Allocating NHS resources by age ‘would benefit affluent areas’

Government proposing greater focus on age

Government plans to allocate NHS resources by age would disproportionately benefit affluent areas of the country and take funding away from those most in need, according to a senior researcher writing in the British Medical Journal (BMJ).

In a speech last month, health secretary Andrew Lansley said that when new Clinical Commissioning Groups are up and running, they should predominately allocate funds according to the age of the region’s population.

Currently, funds are allocated to Primary Care Trusts by a formula that takes account of age, deprivation, health need and the local cost of providing care, but Lansley told the NHS Clinical Commissioners conference in April that age is the biggest determinant of health need.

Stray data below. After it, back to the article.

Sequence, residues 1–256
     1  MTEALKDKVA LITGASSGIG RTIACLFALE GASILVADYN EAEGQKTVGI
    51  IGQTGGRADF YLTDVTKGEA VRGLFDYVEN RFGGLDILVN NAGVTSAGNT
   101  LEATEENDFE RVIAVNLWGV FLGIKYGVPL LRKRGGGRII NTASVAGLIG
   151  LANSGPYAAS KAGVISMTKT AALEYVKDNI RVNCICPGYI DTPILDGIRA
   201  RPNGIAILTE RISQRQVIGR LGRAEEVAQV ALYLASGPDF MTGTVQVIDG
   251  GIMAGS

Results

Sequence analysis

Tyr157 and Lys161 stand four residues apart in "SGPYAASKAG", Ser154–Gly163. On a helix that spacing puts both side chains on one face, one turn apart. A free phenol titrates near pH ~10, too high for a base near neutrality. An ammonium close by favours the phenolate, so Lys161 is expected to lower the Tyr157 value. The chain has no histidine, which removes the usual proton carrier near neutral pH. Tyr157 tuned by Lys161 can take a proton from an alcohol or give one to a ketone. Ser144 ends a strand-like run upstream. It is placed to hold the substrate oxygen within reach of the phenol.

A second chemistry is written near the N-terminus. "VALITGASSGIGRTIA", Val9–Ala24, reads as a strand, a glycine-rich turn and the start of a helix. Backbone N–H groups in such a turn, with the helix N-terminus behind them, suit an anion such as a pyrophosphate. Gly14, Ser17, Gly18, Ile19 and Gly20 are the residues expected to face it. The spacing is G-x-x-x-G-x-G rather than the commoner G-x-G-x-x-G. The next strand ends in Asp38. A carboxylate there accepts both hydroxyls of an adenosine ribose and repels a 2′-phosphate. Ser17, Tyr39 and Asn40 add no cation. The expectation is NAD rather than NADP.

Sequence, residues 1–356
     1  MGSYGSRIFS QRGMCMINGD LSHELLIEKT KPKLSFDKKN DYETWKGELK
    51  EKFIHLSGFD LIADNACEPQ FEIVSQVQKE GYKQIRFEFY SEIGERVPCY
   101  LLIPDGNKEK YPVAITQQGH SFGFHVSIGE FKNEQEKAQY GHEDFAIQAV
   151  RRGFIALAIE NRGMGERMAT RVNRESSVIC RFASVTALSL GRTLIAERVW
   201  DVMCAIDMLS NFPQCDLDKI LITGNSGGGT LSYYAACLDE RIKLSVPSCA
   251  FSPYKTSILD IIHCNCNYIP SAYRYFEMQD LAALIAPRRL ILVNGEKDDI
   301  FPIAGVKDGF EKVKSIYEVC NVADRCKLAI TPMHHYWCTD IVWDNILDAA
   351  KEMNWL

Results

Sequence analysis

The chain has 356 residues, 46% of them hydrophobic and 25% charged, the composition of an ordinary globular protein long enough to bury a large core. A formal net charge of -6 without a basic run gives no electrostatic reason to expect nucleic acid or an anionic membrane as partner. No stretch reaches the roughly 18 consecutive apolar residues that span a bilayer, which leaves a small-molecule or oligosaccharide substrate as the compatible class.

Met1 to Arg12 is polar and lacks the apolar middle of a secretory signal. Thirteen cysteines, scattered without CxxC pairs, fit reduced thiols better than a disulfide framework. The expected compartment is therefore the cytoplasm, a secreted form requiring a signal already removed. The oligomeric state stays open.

But in a letter to this week’s BMJ, Clare Bambra, Professor of Public Health Policy and acting director of the Wolfson Research Institute at Durham University, warns that to sever the link between deprivation and health need would be to take away care from those who need it most.

She said an approach focusing solely on age would “lead to a considerable shift of healthcare funding away from the neediest, poorer areas of the north and the inner cities towards the least needy, most affluent, and most elderly areas of the south”.

Professor Bambra examined the impact of age only allocation by recalculating the 2011-2 NHS resource allocation by English strategic health authorities and found that, if an age only allocation approach had been taken, there would have been a 14.9% and 12.0% loss of resource in the poorer north east and north west regions respectively (£265 and £209 per head).

The regional winners would have been the more affluent south east coast and south central areas, with increases of 12.6% and 15.8% (£188 and £220 per head).

She said: “These data suggest that age only NHS resource allocation, which ignores the important link between deprivation and health, would disproportionately benefit areas of England that are the most healthy, most affluent, and most likely to vote Conservative.”

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